This study contributes to the peer-reviewed literature concerning patient perspectives of the HCH model and is one of few studies examining pre-implementation consumer perspectives. There is evidence from systematic reviews that PCMH-type change in primary care can lead to small-to-modest improvements in patient-reported experiences including overall patient satisfaction,24 patient-reported care coordination,24,25 access25 and measures of patient engagement.25 However, the reality may be more nuanced than the aggregated data suggest. A mixed methods study from North America drew the conclusion that there was little or no correlation between the degree of self-assessed PCMH adoption within practices and patient experiences.15 Rather, Aysola et al noted that patients’ experiences of care were dictated by ‘overwhelmingly positive relationships with their providers’.15 Their findings are consistent with those of the present study regarding the primacy of the physician–patient relationship in patient experience and are important in patient-centred practice redesign.

The findings that the HCH model was poorly understood by consumers reflects previous research on PCMH-type models15 and should not be surprising given the novelty of the term and concept in Australia. The participants reported significant confusion with the terminology, stating it gave the impression of home-based care, rather than a home base for care within the general practice setting. However, more fundamentally than terminology, the participants struggled with differentiating the underlying concepts from the care they were already receiving. In addition, participants were concerned that the proposed HCH changes threatened the continuity of their current provider relationships, particularly with interpersonal continuity of care being highly important to people living with chronic conditions.26,27 Participants viewed decisions about enrolling in the model through the dual lenses of the need for hard outcome data and trust in the recommendation of their GPs.

The authors recommend that to help facilitate consumer uptake of the HCH model, there should be increased clarity regarding the name of the model, a clearer description of the additional benefits of the model in the context of existing multidisciplinary care arrangements, dissemination of a clear explanation of the financial arrangements associated with the tiered funding of the model, and the ability for patients to maintain choice and control regarding practitioner selection and service utilisation.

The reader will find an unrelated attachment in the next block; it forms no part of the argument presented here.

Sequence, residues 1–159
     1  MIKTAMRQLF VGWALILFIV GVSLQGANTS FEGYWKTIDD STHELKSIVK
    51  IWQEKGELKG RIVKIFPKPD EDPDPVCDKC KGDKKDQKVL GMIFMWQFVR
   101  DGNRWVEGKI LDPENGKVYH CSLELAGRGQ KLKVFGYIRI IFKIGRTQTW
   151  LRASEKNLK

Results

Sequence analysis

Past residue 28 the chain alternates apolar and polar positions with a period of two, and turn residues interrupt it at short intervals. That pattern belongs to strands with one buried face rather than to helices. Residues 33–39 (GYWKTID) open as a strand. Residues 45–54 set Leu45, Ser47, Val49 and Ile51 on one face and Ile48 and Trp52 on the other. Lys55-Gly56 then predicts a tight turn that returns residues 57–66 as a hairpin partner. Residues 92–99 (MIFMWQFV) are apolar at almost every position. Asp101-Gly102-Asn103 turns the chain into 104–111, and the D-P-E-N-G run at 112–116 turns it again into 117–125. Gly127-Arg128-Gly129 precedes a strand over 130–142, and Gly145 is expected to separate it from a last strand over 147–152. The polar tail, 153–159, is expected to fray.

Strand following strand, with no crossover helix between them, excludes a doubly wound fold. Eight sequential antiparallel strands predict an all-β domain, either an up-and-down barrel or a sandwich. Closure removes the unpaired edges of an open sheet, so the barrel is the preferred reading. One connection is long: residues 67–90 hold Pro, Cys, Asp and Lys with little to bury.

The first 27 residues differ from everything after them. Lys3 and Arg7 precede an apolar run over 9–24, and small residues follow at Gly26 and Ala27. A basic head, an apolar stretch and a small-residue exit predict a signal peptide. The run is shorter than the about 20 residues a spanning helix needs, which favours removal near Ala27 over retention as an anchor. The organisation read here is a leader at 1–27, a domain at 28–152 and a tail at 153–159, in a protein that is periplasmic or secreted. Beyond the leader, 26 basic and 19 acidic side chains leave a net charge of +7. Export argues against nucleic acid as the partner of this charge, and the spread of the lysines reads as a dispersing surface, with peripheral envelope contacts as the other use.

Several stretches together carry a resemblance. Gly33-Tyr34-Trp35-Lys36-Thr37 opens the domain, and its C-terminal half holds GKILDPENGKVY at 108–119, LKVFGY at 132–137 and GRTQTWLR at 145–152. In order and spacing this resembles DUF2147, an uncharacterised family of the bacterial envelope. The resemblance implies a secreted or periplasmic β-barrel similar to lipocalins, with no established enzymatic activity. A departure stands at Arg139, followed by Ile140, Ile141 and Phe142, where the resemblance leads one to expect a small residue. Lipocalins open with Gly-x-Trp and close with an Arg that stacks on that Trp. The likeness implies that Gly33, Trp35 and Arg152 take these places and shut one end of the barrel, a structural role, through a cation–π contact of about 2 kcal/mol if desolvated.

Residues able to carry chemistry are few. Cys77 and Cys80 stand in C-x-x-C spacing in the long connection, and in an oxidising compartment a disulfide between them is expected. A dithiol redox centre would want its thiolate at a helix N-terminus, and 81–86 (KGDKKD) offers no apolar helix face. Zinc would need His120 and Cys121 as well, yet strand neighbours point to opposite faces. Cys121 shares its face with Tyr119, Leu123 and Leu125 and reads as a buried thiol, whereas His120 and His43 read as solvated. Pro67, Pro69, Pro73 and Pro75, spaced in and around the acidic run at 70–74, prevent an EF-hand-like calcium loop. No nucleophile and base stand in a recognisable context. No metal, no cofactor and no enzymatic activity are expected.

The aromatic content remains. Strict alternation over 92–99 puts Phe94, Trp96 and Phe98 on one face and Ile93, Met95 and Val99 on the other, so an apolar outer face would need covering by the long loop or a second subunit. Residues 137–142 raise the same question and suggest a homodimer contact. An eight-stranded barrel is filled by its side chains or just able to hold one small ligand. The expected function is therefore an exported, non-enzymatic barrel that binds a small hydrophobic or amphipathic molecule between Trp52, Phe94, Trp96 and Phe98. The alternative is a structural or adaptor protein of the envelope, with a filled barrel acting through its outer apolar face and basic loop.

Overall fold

The findings of this study should be considered in the light of its limitations. Despite efforts to obtain a socially and geographically diverse sample, it is possible that invitations by general practice reception staff to patients with chronic disease and the self-selected nature of the participant groups could have led to bias in the views expressed. Although the researchers purposely selected patients with chronic conditions, as these are the target population for HCHs, this may also have influenced their responses, particularly as patients acknowledged that they were already receiving chronic disease care that met their expectations. A further limitation is that people not receiving care for chronic conditions or those who were not conversant in English were excluded. It is acknowledged that consumer perception of the HCH model was predicated on the presentation and questions answered at the commencement of the focus groups. Further information or experience may have altered those perceptions. While the research team applied reflexivity to the analyses, it is possible that their personal perspectives and their health professional backgrounds may have influenced the interpretation. Further research could include a community-based sample of people with chronic disease, irrespective of receiving chronic disease management, or a comparable study of patients who have enrolled in HCHs.


Even within the limitations of this study, the findings indicate consumers with chronic medical conditions may not readily embrace HCH practice redesign initiatives in Australia. In response, the authors make the following number of recommendations to aid consumer acceptance. There will need to be clarity in terminology and very clear communication regarding the concepts, need, expected outcomes and financial implications of the HCH initiative. Most importantly, practice redesign will need to support interpersonal continuity of care with the consumer’s preferred GP. Given the associations between provider interpersonal continuity of care, morbidity and mortality,28,29 the participants’ concerns seem well founded. The authors recommend ongoing participatory research to inform practice redesign to reduce the risks of patient disengagement from primary care reform efforts.

Competing interests: None.
Provenance and peer review: Not commissioned, externally peer reviewed.
Funding: This independent research was funded by the South Eastern New South Wales Primary Health Network (PHN), COORDINARE. The PHN was not involved with the data collection or analysis. The authors had full access to all the data in the study.
Correspondence to: